Thousands decried the growing violence in Tunisian politics during a protest in the capital Monday, warning that the nation's nascent democracy is at risk almost exactly a year after it held historic elections.

The march in Tunis came four days after the death of a union leader during a protest that turned violent.

Nine people were injured in the small protest in Tataouine, in the south, and the union leader died of what the Interior Ministry said was a heart attack. A banner at the head of the march bore an image of the face of the union leader, baptized a "martyr for democracy."

Opposition party offices in Tunisia also have been attacked and, in the most brazen violence, thousands of protesters stormed the U.S. Embassy compound a month ago. Some of the protesters tore down the American flag and looted the nearby American school. On its website, the U.S. Embassy says the security situation remains unpredictable.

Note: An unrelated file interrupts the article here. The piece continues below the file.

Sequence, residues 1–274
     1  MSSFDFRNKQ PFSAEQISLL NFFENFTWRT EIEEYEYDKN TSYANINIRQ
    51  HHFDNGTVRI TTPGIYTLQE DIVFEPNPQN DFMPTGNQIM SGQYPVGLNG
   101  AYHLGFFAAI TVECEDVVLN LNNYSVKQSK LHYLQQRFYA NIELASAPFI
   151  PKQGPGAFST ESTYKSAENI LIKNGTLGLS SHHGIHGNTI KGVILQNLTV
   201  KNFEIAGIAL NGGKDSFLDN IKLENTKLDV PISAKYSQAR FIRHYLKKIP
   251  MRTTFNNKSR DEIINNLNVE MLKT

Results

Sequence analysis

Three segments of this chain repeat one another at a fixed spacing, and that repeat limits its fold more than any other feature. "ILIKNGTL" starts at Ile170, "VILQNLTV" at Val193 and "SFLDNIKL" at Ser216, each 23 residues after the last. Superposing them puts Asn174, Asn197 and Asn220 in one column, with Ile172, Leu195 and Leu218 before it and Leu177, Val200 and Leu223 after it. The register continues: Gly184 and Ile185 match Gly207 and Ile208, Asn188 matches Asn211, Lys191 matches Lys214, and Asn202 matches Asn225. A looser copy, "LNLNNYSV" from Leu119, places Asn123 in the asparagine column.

Some 4,000 people concerned over the degenerating climate marched down the main avenue of the capital during Monday's demonstration. Among them was former Central Bank Governor Mustapha Kamel Nabli, who called for "peace and concord" in this "critical period."

Tunisians ousted dictator Zine El Abidine Ben Ali in January 2011, triggering protests against autocrats in other Arab countries in what became known as the Arab Spring.

On Tuesday, Tunisians mark the first anniversary of the first post-Ben Ali elections, which gave the moderate Islamist party Ennahda the leading role in a government coalition. However, the climate is tense as ultra-conservative Muslims become increasingly visible and persistent social unrest, often over economic issues, fails to ease.

Monday's march "is a national day against violence to save the democratic transition from the dangers threatening it," said the spokesman for the small centrist party Nida' Tounes, or the Call of Tunisia.